Thanks. That's exactly what I've been experiencing which makes me think that even if someone were to want to wear boots, for whatever reason, that training in the low tops is great for strengthening all those areas you mentioned. I started small at first and gradually increased to a 9.5mi hike with about 1500+ elevation gain last weekend. Even with the miles and hills I'd done before, my feet still felt sore the next day, so I've got plenty of strengthening to still do before deer season and lots of sidehilling.

My point is that I think it's not all one or the other, as the low top training is good either way if pace it per your strength level.

Cheers
 

Learner

Newbie
Joined
Dec 3, 2019
Messages
2
I had Achilles issues before as well. I was wearing boots all day every day, which is one of the big problems since I had poor ankle mobility and weak feet.

In order to heal and strengthen I, took several steps. Number one was wearing boots less, but still using a very supportive shoe. Approach shoes are great for this, because they still give your foot the support it is used to with a rigid sole, but they let you build ankle strength and mobility up. After about two months of this, I moved into Altra trail running shoes (Lone Peaks) for my everyday shoe.

I now rotate through a few different pairs of Altra's for running around and daily chores, including light hiking. When I am going somewhere requiring a more rugged boot, I toss on the best boots for the task and have no issues. It is generally hard (at least for myself and the friends I've talked to) to go from a stiff boot to a low-drop shoe, but going from a low-drop low support shoe to a stiff boot poses few problems.
 
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lifeisgoodsteve

Senior Member
Joined
Dec 12, 2018
Messages
204
Location
Bitterroot Valley
I had Achilles issues before as well. I was wearing boots all day every day, which is one of the big problems since I had poor ankle mobility and weak feet.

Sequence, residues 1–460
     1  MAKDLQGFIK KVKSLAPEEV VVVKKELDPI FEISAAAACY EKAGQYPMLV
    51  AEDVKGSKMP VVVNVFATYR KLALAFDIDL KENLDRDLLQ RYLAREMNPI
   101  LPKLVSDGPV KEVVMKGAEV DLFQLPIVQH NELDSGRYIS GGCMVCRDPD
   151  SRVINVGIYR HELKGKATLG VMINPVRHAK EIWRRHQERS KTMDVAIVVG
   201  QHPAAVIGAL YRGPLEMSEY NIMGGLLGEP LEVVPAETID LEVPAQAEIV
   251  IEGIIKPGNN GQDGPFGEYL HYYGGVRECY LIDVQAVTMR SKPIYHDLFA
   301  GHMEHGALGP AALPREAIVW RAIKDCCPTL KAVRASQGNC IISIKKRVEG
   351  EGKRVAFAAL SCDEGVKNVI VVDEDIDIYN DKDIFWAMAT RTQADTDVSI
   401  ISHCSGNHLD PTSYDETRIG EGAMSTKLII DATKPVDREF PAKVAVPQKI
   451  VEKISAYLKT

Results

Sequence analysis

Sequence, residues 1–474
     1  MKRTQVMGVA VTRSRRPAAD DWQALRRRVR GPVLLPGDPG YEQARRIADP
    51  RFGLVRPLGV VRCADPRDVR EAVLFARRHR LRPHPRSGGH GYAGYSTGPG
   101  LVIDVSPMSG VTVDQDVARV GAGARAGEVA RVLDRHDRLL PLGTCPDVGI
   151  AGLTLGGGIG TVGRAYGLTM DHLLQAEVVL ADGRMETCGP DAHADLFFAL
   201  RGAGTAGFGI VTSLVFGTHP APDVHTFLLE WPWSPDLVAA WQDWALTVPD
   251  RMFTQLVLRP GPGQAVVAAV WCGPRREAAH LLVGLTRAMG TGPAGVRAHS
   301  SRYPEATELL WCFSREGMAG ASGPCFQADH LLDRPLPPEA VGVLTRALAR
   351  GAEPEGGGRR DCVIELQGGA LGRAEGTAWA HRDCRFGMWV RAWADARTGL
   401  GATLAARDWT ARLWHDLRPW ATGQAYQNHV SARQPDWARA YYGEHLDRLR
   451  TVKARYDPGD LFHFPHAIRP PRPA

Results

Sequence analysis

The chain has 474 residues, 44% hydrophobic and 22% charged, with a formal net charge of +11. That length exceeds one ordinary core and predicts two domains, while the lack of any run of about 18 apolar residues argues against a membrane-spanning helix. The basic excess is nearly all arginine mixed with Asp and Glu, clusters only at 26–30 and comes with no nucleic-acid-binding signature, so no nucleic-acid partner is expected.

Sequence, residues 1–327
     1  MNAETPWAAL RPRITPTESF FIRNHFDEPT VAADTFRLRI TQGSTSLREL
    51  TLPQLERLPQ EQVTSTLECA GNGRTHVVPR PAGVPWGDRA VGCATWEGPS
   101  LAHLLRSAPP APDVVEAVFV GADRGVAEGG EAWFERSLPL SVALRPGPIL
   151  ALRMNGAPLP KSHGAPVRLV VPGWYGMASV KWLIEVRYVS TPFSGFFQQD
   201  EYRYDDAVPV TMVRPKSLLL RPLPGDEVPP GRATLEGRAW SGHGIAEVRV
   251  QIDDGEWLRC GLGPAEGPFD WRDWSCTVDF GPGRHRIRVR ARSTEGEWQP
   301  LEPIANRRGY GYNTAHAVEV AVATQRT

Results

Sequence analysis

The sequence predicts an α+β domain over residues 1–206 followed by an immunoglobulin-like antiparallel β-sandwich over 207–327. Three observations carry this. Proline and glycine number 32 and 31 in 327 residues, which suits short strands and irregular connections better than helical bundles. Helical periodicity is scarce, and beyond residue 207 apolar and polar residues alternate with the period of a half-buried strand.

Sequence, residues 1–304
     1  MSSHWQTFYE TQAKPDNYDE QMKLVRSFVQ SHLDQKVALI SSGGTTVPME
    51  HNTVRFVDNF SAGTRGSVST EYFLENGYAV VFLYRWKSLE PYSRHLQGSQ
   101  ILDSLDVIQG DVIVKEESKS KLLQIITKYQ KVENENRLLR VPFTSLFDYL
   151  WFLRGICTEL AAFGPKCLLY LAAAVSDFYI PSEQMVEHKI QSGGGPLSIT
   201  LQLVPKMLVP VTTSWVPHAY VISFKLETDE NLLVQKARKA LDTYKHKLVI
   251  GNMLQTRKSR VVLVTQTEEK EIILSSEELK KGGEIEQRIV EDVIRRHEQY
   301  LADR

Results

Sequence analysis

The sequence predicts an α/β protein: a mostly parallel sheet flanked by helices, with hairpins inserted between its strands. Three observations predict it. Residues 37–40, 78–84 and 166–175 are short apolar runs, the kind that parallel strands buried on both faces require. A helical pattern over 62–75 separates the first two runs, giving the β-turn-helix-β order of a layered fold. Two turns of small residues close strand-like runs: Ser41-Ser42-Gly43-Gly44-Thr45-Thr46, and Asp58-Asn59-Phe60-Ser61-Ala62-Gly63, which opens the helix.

In order to heal and strengthen I, took several steps. Number one was wearing boots less, but still using a very supportive shoe. Approach shoes are great for this, because they still give your foot the support it is used to with a rigid sole, but they let you build ankle strength and mobility up. After about two months of this, I moved into Altra trail running shoes (Lone Peaks) for my everyday shoe.

I now rotate through a few different pairs of Altra's for running around and daily chores, including light hiking. When I am going somewhere requiring a more rugged boot, I toss on the best boots for the task and have no issues. It is generally hard (at least for myself and the friends I've talked to) to go from a stiff boot to a low-drop shoe, but going from a low-drop low support shoe to a stiff boot poses few problems.

That sounds so similar to my experience, thanks for sharing as it's encouraging. How long did it take for you to get to the point without feeling pain/discomfort in the achilles?

Mine keeps getting better so I rarely feel it during daily life walking around, but still have to moderate my exertion on the trails. Feel it more on the trails with boots still, but getting better.

Cheers
 

brettdunn7

Senior Member
Joined
Sep 8, 2019
Messages
369
I use my Salomons and actually love it. May not get a boot when season comes around. A lot are so overpriced anyways.


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wiiawiwb

Senior Member
Joined
Nov 12, 2016
Messages
675
Location
In the mountains
Boots have been off my radar for decades and I don't see them coming back. All of my time in the woods is spent in low or mid-level trailrunners. INOV-8 is my brand choice and they've worked out well.

I've always believed that locking up your ankles in a boot is a bad idea. If you inadvertently twist your foot on an uneven surface, your foot and ankle cannot absorb the energy as they are locked up in the boot. I believe it transfers that energy to you knee resulting in problems there.

To each their own but I believe the OP is correct and it has worked well for me for a very-long time. YMMV.